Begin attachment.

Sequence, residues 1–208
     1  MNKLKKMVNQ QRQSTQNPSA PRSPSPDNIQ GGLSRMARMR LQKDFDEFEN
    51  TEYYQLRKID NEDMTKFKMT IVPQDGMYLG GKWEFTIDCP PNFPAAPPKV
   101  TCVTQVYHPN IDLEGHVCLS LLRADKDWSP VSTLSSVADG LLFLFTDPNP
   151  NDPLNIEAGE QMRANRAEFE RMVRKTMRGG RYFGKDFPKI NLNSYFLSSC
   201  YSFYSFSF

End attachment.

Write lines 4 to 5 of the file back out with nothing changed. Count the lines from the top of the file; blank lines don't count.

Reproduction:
   101  TCVTQVYHPN IDLEGHVCLS LLRADKDWSP VSTLSSVADG LLFLFTDPNP
   151  NDPLNIEAGE QMRANRAEFE RMVRKTMRGG RYFGKDFPKI NLNSYFLSSC